nick c wrote:
I don't have anywhere nears as big of a problem with a fusion powered sun as I have with the LCDM cosmology model. At least *some* of the energy of the sun is produced locally in fusion processes regardless of which EU/PC solar model you prefer.
But aren't they both based on the same thing? The gravity only paradigm. Why would a plasma collapse under the force of gravity?
It's not clear (to me at least) that the sun has to be *just* plasma. It obviously has a plasma atmosphere of course, but we can't really 'see' underneath of the surface of the photosphere other than perhaps using heliosciesmology techniques.
Dr. Kosovichev's heliosiesmology research shows that somewhere around 4800 KM below the surface of the photosphere, the plasma flows which are near and around sunspots tend to "flatten out" and move horizontally rather than vertically. IMO that's probably the location of the electrode. It could simply be a more dense layer of plasma or a solid surface IMO.
I would say that the effect of gravity depends on many factors, including the elements that are present as the sun is forming. I'd assume that heavy elements like Iron and Nickel would tend to sink and form a dense core. SAFIRE experiments have confirmed that the electrode can be significantly cooler than the surrounding plasma atmosphere so I wouldn't automatically 'assume" that the sun must be made entirely of plasma. It probably has a hot plasma core and a hot double layered plasma atmosphere, bit it may have a solid layer near the surface of the electrode too IMO.
Alfven seemed to be quite happy with the standard solar model from the core to the surface of the photosphere, so apparently he also assumed that gravity would pull the sun together, and generate fusion in the core, regardless of it being strictly made of plasma or not.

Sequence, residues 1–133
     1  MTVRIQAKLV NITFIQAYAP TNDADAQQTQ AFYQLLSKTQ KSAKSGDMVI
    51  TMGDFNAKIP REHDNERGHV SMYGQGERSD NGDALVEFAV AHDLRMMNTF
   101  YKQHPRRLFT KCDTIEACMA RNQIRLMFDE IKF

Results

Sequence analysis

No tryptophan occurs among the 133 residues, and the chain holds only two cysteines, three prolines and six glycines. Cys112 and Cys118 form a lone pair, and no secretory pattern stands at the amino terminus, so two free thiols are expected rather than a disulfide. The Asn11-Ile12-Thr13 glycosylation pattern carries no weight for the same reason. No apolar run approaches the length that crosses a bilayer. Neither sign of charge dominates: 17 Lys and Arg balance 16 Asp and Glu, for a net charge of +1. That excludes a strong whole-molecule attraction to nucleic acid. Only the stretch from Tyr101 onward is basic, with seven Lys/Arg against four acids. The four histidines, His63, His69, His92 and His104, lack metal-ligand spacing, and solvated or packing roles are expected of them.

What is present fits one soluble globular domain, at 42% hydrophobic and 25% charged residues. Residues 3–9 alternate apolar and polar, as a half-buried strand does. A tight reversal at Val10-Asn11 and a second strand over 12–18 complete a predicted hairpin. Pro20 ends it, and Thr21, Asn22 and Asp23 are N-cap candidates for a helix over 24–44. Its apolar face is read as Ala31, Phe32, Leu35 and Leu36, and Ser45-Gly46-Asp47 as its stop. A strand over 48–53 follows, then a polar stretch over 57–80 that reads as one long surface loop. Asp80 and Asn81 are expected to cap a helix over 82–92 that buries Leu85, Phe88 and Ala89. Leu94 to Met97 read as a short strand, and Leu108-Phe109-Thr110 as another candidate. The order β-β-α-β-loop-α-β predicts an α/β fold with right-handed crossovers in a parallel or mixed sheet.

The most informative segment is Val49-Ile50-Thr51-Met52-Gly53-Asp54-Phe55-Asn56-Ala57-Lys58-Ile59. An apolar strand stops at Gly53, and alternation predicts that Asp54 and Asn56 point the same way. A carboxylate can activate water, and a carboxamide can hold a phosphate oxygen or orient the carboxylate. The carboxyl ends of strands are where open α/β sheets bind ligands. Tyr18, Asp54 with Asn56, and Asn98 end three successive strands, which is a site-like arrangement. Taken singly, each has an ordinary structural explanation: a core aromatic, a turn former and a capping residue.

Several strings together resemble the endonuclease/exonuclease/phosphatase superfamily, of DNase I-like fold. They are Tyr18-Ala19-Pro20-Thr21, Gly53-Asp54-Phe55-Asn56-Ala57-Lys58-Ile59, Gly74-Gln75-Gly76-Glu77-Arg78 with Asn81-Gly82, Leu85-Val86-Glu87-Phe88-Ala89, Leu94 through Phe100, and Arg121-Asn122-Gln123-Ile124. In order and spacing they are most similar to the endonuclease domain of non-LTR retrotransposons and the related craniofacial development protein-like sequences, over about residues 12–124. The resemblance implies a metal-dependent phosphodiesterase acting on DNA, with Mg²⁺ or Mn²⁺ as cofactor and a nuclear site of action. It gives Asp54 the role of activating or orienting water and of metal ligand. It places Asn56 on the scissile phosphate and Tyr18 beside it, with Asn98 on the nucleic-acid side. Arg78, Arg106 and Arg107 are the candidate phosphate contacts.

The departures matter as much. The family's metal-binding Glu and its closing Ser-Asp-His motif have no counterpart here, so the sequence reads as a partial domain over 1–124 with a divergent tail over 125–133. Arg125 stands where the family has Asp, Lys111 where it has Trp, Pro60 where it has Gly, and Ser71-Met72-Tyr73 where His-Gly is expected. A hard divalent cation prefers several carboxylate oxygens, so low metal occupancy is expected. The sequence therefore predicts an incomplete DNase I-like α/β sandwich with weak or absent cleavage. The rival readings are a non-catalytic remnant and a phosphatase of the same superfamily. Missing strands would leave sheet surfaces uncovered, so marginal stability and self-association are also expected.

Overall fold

All the calculations of the workings of a fusion furnace in stellar cores are based on the a priori assumption that the molecular gas cloud behaves as an ideal gas. Reality is quite different and plasmas themselves do not know that they are supposed to behave in accordance to that assumption.
Gravity would tend to pull the elements together once they're "pinched" into a big enough bundle. If you watch some of Don Petitt's experiments on the space station, Don found that electrostatic forces tended to cause things in space to "stick together' and become clumpy. It also and causes them to move around in space which may help explain how things started to become 'clumpy" in the first place. With a large mass body present, gravity will eventually have a significant effect on even plasma.
The working assumption must be that molecular gas clouds behave as plasmas and start over from there.
True, but I wouldn't assume that all of the elements present were necessarily ionized. There likely would be dust present in the plasma since all plasma tend to be 'dusty'. I also think Don is correct about electrostatic forces playing a significant role in the early formation of objects in space.
Regardless of which model might be correct, I think we would all assume that plasma pinches due to electrical current would act to "pinch' the plasma and could lead to fusion. Jeurgen's original anode solar model must have included some fusion, at least in the upper atmosphere since his model was intended to create about 1/3rd of the neutrinos of the standard solar model. I'm assuming he presumed they were due to fusion in the upper atmosphere inside of plasma pinches. I don't see why the plasma pinch process couldn't occur all throughout the sun, including in the core.
A key predictive difference between any EU/PC model and the standard model relates to the location of fusion and the source of neutrinos. If we had high enough neutrino resolution images to determine exactly where the neutrinos originate, it might be possible to demonstrate that they originate in the upper atmosphere during solar flare events, not just in the core as predicted by the standard solar model.